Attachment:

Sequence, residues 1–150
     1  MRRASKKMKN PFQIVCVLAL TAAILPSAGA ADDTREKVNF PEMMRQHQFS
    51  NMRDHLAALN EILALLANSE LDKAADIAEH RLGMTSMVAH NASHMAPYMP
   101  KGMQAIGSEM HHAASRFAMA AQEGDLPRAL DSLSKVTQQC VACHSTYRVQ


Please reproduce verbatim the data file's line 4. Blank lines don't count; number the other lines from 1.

   101  KGMQAIGSEM HHAASRFAMA AQEGDLPRAL DSLSKVTQQC VACHSTYRVQ